There are versions of the Polo for almost every taste, from the humble basic 60 hp and Edition finish, to the 192 hp GTI. I'll be analysing it from the point of view of a young man who uses this car for his regular journeys, a circumstance I've simulated with great realism. As there are versions with more equipment, more power, or both, I'll spare myself unnecessary criticism, because you can't have everything. The version we tested is priced at 15,440 euros, including the promotional discount.
Yes, I'm sure there will be those who think it's a very high price for a B-segment car, and that for a similar price you can get a compact car from the competition with better features and similar equipment. The Polo is positioned in the upper half of its category, it doesn't compete on pure price, and from a certain point of view it may be worth paying more in exchange for tangibles and intangibles. The Ford Fiesta, Opel Corsa, Hyundai i20... for the same money give better performance and equivalent equipment (and there may even be a little left over).
The Polo is currently halfway through the life cycle of its current generation, updated in 2014. It is visually distinguished by a new bumper, with larger lower air intakes and a visual union between the headlights a little more coherent. The headlights are halogen in this case, but you could equip them entirely in LED, xenon are no longer available. There's a chrome strip running along the grille, and chrome surrounds on the fog lights (not on this model). The rear view mirrors include the side indicators.
It is 2 mm longer than the 2009 model, the rest of the dimensions are identical. There is also a three-door version (yet)
The color palette was doubled with the restyling, eight new shades for a total of 15 combinations. Starting with the base model the exterior parts match the body colour, and the roof can be optionally coloured in grey or black. It has six new alloy wheel designs, in that case it has the "Estrada" model wheels (6Jx15) with 185/60 R15 tyres and anti-theft bolts. It is part of a launch package (W07), but it should have steel rims with trims as standard.
At the rear the light clusters are new and visually everything is more horizontal and coherent. It doesn't have a badge that identifies it in terms of engine, the TSI does. It only shows "Polo" and "Bluemotion Technology". The reflective reflectors have been lowered and moved to the sides (before it seemed not to have them), according to the manufacturer is a sign of robustness. The most obvious difference between the 2009 model and the 2014 model is the area for the license plate, much more generous now. The maximum height of the hatch when deployed is two metres.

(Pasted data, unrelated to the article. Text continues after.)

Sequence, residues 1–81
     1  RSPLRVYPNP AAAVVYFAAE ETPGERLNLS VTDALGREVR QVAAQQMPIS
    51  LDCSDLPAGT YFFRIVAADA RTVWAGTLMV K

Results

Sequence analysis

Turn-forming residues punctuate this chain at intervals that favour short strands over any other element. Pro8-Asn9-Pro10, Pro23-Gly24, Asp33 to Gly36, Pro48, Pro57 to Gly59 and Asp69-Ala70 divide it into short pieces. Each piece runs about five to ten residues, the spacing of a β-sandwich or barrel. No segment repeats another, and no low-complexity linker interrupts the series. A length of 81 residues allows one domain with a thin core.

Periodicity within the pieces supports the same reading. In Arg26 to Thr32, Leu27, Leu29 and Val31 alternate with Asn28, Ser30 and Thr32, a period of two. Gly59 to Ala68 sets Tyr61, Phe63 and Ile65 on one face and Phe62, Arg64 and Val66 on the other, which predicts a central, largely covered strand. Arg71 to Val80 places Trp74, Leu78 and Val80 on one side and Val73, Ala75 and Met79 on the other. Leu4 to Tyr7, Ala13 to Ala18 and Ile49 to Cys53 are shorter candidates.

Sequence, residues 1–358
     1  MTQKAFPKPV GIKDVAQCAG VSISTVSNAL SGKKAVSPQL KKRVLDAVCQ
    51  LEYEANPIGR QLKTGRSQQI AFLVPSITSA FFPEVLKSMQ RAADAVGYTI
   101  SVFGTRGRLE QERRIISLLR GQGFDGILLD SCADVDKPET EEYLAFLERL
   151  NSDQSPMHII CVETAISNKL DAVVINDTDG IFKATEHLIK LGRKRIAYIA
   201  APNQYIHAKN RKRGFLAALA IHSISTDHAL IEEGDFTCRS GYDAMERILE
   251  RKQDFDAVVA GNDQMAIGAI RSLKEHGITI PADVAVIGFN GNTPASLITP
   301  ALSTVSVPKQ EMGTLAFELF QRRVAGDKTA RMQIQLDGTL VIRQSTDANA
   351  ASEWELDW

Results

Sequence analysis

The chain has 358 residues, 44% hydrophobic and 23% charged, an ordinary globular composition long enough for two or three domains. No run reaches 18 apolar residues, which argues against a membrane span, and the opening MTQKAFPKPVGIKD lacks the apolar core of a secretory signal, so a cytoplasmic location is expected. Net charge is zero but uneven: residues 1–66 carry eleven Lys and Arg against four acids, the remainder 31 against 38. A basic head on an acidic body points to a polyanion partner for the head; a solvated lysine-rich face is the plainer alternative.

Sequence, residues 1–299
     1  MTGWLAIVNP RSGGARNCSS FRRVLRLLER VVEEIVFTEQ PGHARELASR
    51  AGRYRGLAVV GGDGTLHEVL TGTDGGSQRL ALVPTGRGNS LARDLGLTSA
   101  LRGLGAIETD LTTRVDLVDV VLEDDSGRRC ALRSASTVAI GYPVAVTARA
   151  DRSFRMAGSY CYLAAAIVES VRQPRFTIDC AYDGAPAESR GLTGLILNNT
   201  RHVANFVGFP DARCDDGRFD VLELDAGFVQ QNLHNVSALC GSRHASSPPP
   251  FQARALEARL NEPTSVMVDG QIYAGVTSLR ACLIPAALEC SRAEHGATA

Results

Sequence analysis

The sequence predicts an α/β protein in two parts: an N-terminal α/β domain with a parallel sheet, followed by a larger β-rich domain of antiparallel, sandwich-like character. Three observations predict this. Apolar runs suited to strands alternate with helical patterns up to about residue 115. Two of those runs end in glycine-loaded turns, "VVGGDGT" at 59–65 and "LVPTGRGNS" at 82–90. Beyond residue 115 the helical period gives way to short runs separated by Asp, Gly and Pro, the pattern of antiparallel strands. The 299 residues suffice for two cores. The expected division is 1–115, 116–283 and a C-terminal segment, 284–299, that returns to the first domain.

Why pay more for a Polo than for an equivalent model? The fundamental differentiating factor is the interior and its qualities. There aren't many cars in this category with a padded plastic dashboard (Advance version), cooled glovebox with delayed opening, electric windows as standard throughout the range (in the back too), leather steering wheel that feels like real leather, a perfect fit between parts, not a single noise?
Ergonomically I have no complaints, it's very easy to find a comfortable driving position. Some buttons have been repositioned, and there's a big change in the central display and infotainment system. It was the first Volkswagen to adopt the new MIB architecture, and has four models available. The one in this unit is a Composition Media, with a 6.5-inch screen, touchscreen of course. Operation is very intuitive and requires little training.
The three-spoke steering wheel is similar to that of the Golf, missing the standard buttons and has piano black inserts.